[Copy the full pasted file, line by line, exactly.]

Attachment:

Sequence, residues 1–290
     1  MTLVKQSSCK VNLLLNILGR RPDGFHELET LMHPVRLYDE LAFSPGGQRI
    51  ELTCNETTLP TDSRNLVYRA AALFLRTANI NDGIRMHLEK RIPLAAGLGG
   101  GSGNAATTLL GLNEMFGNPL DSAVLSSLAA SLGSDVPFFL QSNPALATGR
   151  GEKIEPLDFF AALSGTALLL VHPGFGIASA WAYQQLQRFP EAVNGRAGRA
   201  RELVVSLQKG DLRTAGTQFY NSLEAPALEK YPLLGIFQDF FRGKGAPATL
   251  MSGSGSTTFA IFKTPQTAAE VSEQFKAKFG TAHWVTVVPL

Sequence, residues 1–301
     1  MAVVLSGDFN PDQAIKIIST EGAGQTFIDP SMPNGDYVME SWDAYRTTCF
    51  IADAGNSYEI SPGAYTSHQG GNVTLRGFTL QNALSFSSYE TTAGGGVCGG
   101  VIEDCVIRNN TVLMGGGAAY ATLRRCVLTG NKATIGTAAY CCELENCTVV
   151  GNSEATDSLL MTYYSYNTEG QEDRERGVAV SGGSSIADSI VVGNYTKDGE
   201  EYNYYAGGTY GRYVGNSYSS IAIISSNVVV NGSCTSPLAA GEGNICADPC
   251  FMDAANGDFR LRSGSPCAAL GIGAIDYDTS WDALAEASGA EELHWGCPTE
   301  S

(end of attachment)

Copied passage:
Sequence, residues 1–290
     1  MTLVKQSSCK VNLLLNILGR RPDGFHELET LMHPVRLYDE LAFSPGGQRI
    51  ELTCNETTLP TDSRNLVYRA AALFLRTANI NDGIRMHLEK RIPLAAGLGG
   101  GSGNAATTLL GLNEMFGNPL DSAVLSSLAA SLGSDVPFFL QSNPALATGR
   151  GEKIEPLDFF AALSGTALLL VHPGFGIASA WAYQQLQRFP EAVNGRAGRA
   201  RELVVSLQKG DLRTAGTQFY NSLEAPALEK YPLLGIFQDF FRGKGAPATL
   251  MSGSGSTTFA IFKTPQTAAE VSEQFKAKFG TAHWVTVVPL

Sequence, residues 1–301
     1  MAVVLSGDFN PDQAIKIIST EGAGQTFIDP SMPNGDYVME SWDAYRTTCF
    51  IADAGNSYEI SPGAYTSHQG GNVTLRGFTL QNALSFSSYE TTAGGGVCGG
   101  VIEDCVIRNN TVLMGGGAAY ATLRRCVLTG NKATIGTAAY CCELENCTVV
   151  GNSEATDSLL MTYYSYNTEG QEDRERGVAV SGGSSIADSI VVGNYTKDGE
   201  EYNYYAGGTY GRYVGNSYSS IAIISSNVVV NGSCTSPLAA GEGNICADPC
   251  FMDAANGDFR LRSGSPCAAL GIGAIDYDTS WDALAEASGA EELHWGCPTE
   301  S